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Tuesday, July 12, 2016

Open-Access Human Cultures Database Now Available

Massive Open-Access Database on Human Cultures Created

PhysOrg | July 8, 2016

An international team of researchers has developed a website at to help answer long-standing questions about the forces that shaped human cultural diversity.
D-PLACE - the Database of Places, Language, Culture and Environment - is an expandable, open access database that brings together a dispersed body of information on the language, geography, culture and environment of more than 1,400 human societies. It comprises information mainly on pre-industrial societies that were described by ethnographers in the 19th and early 20th centuries.
The team's paper on D-PLACE is published today in the journal PLOS ONE.


"Norms of domestic organization vary substantially among the world's cultural groups. For the global sample of societies in D-PLACE, a nearly equal number tend towards single-generation as multi-generation (extended family) households. D-PLACE allows local norms to be considered in terms of the practices of neighbouring societies, environmental conditions, and shared ancestry, as represented by historic linguistic relationships among societies (shown here for Sino-Tibetan societies)." Source:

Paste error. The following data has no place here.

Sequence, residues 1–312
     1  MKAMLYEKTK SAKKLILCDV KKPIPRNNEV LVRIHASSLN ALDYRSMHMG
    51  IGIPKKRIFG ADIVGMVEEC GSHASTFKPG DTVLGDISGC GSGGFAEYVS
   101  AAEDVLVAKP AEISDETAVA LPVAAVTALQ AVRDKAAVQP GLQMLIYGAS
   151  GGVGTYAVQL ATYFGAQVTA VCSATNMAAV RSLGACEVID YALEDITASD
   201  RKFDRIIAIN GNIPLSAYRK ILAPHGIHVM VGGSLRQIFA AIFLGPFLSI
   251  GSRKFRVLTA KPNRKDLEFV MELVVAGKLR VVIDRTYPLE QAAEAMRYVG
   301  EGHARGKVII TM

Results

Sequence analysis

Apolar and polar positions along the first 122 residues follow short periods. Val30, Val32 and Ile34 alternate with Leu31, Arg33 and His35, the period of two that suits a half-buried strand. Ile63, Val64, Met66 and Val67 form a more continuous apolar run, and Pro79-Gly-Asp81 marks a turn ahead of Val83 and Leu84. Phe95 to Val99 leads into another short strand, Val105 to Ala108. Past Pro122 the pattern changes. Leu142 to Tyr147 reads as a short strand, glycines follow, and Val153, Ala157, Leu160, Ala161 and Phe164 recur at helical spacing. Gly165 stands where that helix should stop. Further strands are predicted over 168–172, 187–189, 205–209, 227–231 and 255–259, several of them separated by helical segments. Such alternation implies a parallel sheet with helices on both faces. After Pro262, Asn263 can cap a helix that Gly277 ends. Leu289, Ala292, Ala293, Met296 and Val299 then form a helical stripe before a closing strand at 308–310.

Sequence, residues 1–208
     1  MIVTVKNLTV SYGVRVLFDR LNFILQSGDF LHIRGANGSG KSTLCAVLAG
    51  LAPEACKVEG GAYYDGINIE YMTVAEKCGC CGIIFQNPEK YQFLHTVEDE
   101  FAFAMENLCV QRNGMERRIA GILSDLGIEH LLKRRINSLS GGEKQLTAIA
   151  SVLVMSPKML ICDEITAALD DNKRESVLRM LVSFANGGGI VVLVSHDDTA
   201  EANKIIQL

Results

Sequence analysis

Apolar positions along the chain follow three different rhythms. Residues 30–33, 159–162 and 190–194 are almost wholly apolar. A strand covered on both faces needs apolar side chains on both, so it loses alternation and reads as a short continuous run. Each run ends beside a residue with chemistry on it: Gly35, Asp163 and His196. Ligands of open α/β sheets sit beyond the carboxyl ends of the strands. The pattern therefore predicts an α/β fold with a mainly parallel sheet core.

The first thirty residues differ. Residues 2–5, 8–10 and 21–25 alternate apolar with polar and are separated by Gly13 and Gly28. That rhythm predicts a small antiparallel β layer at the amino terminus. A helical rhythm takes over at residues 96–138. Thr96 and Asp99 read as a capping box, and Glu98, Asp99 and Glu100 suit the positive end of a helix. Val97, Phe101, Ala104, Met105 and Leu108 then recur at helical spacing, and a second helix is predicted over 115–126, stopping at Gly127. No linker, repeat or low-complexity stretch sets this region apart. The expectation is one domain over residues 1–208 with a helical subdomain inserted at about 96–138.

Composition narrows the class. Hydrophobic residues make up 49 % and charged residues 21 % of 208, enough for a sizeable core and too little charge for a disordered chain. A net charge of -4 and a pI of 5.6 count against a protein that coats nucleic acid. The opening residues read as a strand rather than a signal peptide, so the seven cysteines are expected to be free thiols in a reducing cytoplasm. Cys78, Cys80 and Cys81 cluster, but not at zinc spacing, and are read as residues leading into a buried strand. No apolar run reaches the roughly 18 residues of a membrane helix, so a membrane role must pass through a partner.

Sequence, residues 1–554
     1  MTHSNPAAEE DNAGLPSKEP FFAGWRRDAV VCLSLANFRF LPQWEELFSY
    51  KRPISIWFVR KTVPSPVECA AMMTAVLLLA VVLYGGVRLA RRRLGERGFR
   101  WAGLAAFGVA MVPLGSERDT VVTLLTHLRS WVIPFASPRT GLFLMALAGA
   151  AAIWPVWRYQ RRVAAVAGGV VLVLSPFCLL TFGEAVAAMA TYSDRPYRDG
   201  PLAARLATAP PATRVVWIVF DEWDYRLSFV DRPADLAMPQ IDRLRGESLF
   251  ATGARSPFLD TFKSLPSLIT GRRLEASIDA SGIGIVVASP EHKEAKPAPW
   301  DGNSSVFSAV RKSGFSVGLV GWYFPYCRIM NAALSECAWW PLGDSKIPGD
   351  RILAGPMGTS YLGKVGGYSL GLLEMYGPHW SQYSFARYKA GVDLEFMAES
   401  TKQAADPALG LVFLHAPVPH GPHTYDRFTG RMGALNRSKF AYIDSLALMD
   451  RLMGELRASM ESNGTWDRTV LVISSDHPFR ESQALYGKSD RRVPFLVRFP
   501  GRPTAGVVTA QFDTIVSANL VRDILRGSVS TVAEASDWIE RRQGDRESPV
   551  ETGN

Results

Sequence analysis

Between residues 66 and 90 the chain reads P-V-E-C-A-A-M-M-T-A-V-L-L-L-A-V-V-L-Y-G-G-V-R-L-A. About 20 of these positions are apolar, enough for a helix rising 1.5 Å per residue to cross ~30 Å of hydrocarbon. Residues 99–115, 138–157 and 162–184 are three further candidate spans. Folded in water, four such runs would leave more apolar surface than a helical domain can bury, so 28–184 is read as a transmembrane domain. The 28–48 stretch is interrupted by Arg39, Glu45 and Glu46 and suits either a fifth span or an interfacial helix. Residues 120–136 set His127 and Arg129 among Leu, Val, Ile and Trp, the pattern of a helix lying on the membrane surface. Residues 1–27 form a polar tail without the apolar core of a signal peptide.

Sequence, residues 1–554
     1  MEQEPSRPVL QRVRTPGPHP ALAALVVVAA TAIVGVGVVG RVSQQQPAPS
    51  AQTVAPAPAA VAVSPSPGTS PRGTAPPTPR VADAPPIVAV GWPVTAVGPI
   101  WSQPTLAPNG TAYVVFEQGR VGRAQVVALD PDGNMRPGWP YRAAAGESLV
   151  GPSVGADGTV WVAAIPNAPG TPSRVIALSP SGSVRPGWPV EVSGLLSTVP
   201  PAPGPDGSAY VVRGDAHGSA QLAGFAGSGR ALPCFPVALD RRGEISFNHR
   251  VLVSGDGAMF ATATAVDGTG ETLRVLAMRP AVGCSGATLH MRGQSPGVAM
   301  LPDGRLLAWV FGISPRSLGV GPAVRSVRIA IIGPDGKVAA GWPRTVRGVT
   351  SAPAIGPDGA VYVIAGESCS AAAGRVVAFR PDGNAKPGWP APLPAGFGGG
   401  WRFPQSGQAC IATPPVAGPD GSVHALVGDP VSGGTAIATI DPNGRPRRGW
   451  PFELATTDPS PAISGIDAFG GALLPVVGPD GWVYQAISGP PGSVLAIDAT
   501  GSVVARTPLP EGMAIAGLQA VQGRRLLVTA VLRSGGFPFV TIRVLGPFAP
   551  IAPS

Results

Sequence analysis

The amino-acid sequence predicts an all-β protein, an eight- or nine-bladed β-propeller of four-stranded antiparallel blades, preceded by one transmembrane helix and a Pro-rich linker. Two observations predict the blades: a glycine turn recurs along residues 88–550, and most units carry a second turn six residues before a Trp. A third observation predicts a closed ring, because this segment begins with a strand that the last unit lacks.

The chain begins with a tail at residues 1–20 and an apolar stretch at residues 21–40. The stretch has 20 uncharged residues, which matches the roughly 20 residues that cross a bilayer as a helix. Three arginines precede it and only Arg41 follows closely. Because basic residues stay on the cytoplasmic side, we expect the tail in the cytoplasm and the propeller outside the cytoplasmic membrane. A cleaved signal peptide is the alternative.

<more at; related articles and links: (D-PLACE: Database of Places, Language, Culture and Evnironment website) and (D-PLACE: A Global Database of Cultural, Linguistic and Environmental Diversity. Kathryn R. Kirby, Russell D. Gray, Simon J. Greenhill, Fiona M. Jordan, Stephanie Gomes-Ng, Hans-Jörg Bibiko, Damián E. Blasi, Carlos A. Botero, Claire Bowern, Carol R. Ember, Dan Leehr, Bobbi S. Low, Joe McCarter, William Divale, and Michael C. Gavin.  Published: July 8, 2016. [Abstract: From the foods we eat and the houses we construct, to our religious practices and political organization, to who we can marry and the types of games we teach our children, the diversity of cultural practices in the world is astounding. Yet, our ability to visualize and understand this diversity is limited by the ways it has been documented and shared: on a culture-by-culture basis, in locally-told stories or difficult-to-access repositories. In this paper we introduce D-PLACE, the Database of Places, Language, Culture, and Environment. This expandable and open-access database (accessible at brings together a dispersed corpus of information on the geography, language, culture, and environment of over 1400 human societies. We aim to enable researchers to investigate the extent to which patterns in cultural diversity are shaped by different forces, including shared history, demographics, migration/diffusion, cultural innovations, and environmental and ecological conditions. We detail how D-PLACE helps to overcome four common barriers to understanding these forces: i) location of relevant cultural data, (ii) linking data from distinct sources using diverse ethnonyms, (iii) variable time and place foci for data, and (iv) spatial and historical dependencies among cultural groups that present challenges for analysis. D-PLACE facilitates the visualisation of relationships among cultural groups and between people and their environments, with results downloadable as tables, on a map, or on a linguistic tree. We also describe how D-PLACE can be used for exploratory, predictive, and evolutionary analyses of cultural diversity by a range of users, from members of the worldwide public interested in contrasting their own cultural practices with those of other societies, to researchers using large-scale computational phylogenetic analyses to study cultural evolution. In summary, we hope that D-PLACE will enable new lines of investigation into the major drivers of cultural change and global patterns of cultural diversity.])>

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